Sune, goddess of love and beauty
Sune, also known as Lady Firehair, was the goddess of love and beauty. She had more power over love than governance. Her dogma was based primarily on love and beauty. It was with the Sunite giving priority to those who respond to her appearance. Her symbol was a beautiful, red-haired woman.
Some people speculated that Sune might be the same as Athena, the Olympian goddess pantheon’s goddess.
Details of Sune, goddess of love and beauty
Sune was dressed in a nearly transparent gown when she appeared before the mortals at Faerun. Her lustrous red hair fell to the ground, and her sparkling eyes with ruby red plump lipsticks were her trademark.
Sune’s most high priest was called the Heartwarder. That was usually the most beautiful/beautiful clergy person, both inside and outside. They were expected not to look too flattering and give sweet words to others at least five times per month.
WORSHIPERS & CLERGY – TEMPLES
Except for those who see beauty and love as a weakness, the church is loved by many in Faerun. The church of Sune is less influential than its fame might suggest, however, because most Sune is flighty, vain, and superficial, but essentially harmless. Sune is in fierce competition with Hanali Celanil’s followers, an elven goddess of beauty.
The goddess of love and beauty, Sune is an aesthete, hedonist and seeks pleasure in all things. Their life revolves around aesthetic pleasure. They were patrons of promising actors and importers of exotic luxuries such as satin and fine wine. To conceal identity and protect the body, Sunite clergy are encouraged to use disguises to perform dirty jobs. Devout clerics support adventurers and other people who destroy beautiful creations. Her followers enjoyed hearing romance stories and looking gorgeous.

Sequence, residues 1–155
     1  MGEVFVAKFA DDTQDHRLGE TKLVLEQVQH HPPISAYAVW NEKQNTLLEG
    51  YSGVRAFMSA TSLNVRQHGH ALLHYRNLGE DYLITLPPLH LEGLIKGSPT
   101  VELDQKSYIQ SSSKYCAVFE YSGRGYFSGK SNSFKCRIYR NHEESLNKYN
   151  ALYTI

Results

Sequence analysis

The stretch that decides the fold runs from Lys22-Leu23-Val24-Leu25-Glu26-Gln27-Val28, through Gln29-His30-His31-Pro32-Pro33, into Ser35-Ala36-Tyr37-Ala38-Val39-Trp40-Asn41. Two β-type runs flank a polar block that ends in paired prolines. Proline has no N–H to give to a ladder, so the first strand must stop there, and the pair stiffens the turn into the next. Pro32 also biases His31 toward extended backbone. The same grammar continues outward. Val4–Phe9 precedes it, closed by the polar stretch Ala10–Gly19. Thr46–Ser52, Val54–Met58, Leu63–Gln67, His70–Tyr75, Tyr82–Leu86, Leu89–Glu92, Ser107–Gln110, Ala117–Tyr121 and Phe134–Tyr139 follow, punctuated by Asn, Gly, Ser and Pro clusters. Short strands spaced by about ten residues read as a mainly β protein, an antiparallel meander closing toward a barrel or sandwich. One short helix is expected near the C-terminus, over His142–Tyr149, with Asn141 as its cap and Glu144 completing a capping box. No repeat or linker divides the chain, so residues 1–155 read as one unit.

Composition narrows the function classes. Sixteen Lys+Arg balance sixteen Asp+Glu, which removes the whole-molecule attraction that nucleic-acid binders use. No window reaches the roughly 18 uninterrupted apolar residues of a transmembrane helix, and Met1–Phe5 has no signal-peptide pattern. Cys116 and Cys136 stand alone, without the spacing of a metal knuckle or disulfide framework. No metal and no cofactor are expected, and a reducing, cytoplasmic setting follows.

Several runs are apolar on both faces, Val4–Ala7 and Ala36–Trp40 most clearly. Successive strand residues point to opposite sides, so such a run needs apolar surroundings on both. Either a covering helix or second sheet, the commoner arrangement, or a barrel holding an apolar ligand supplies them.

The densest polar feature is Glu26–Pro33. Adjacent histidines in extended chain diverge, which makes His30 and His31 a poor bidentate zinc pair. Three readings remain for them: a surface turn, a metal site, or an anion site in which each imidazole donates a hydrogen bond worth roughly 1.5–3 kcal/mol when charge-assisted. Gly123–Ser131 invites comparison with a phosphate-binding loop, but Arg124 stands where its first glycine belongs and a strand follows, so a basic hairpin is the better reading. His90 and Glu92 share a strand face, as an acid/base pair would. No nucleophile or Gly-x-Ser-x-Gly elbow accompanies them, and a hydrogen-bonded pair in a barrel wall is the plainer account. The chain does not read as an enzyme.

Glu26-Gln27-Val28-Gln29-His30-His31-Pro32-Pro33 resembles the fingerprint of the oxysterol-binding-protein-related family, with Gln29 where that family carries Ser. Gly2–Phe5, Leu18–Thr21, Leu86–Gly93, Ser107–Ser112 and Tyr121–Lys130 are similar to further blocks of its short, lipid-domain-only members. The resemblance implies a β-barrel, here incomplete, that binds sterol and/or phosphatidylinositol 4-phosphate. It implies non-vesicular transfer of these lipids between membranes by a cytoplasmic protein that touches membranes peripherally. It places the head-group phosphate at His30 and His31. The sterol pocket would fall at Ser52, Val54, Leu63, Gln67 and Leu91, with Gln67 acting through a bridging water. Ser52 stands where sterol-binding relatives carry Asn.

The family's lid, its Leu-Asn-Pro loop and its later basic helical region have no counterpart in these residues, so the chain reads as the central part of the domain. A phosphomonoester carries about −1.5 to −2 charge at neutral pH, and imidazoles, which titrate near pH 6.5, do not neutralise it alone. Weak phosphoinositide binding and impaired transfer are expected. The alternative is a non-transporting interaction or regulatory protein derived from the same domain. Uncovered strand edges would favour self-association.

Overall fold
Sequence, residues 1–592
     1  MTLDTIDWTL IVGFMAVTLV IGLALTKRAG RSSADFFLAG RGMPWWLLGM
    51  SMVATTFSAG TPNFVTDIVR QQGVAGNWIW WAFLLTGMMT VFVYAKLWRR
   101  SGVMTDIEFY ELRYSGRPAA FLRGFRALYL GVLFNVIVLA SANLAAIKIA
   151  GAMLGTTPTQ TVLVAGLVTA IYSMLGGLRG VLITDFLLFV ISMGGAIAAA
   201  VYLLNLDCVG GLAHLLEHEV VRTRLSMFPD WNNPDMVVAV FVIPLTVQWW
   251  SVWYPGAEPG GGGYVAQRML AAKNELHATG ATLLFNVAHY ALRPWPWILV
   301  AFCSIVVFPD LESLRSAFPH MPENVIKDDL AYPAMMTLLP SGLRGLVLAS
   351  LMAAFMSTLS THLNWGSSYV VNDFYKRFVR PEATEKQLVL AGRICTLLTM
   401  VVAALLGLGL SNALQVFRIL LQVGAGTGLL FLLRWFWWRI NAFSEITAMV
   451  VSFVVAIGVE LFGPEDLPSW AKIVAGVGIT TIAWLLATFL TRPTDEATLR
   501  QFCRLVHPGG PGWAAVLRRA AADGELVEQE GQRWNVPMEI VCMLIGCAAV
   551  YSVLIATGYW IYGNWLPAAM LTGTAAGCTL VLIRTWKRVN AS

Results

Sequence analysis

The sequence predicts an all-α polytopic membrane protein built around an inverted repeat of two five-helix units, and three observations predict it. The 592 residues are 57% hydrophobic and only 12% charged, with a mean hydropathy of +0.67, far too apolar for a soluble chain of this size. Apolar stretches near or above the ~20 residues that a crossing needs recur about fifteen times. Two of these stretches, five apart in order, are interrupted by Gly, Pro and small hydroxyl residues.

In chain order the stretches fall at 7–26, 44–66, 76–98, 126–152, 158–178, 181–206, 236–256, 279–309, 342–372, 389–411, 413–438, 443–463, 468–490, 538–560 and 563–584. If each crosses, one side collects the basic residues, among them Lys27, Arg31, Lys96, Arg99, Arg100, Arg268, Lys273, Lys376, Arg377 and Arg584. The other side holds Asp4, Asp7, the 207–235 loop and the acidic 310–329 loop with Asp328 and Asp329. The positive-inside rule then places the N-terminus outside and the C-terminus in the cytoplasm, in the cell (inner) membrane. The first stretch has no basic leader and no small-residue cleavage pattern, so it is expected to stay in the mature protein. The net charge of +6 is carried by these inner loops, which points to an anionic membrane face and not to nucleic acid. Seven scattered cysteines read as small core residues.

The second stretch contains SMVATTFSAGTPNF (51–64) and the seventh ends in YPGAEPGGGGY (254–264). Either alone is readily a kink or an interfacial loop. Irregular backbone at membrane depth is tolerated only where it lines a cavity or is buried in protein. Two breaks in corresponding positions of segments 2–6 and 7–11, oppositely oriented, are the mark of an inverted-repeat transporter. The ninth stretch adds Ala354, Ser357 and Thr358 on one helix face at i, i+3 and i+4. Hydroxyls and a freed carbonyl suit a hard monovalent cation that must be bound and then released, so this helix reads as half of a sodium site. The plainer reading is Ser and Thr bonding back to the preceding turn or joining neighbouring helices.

Sune’s clergy strive to create beauty, either as an artist of static fine art, paintings, tapestries, or blown-glass ornaments, but also as a dancer, if they fail at anything else. Suppose one of them becomes skilled in creating beauty. In that case, they are obliged to share their knowledge with others and not turn away anyone genuine. To promote beauty and love, the church should receive any money earned through such pieces of training.
Sune’s clerics are expected not to look too sexy and shower others with sweet words at most five times per month. Sunite clerics are known to multiclass as bards and rogues.
It is rare to see a cleric abandoning everything and running off into the wilderness, especially if the act’s goal is a beautiful object or a beautiful person. Such behavior is not considered scandalous in the church.
Sune, goddess of love and beauty, does not shy away from their bodies. Monastic robes are the standard ceremonial attire of Sunite clerics. They also have habits for women and monastic robes, which are both designed to highlight the body and dyed deep crimson. During rituals, hair is usually long and let down. Other times, clerics tie their hair back with crimson scarfs. They wear clothes that are appropriate for the occasion but still flattering to the body. Red hair is considered to be touched by the deity. However, any shade of hair or skin is welcome as long as it’s beautiful and unmarred.
The organization of the Sunite church is loose and informal. Its leadership frequently changes according to the wishes of its clergy. The highest priest of Sune was the Heartwarder. It is the most beautiful member of the clergy, both from the inside and outside.
Sunite temples can be stunning structures of extraordinary design or elegant, classically designed structures. They are enhanced by beautiful landscaping, including numerous paths and promenades. Many Sunite temples have beautiful gardens, trellises, pavilions, well-trained vines, and carefully tended trees and topiaries. Most Sunite temple gardens feature beautiful sculptures and elegant fountains that emit soft, magical lighting. Many temples were used as social salons, and others had public baths.
The shrines were often found at the corners of busy streets. A small, ornate roof would be attached to the shrine with a mirror beneath. These shrines were used to examine one’s appearance and offer prayers to Sune. For those who couldn’t afford them, some shrines had cosmetic and perfume items.
Sune’s clerics pray at dawn after taking a relaxing scented bath or after washing their hands. Greengrass And Midsummer Night. Individual temples also observe many local sacred days.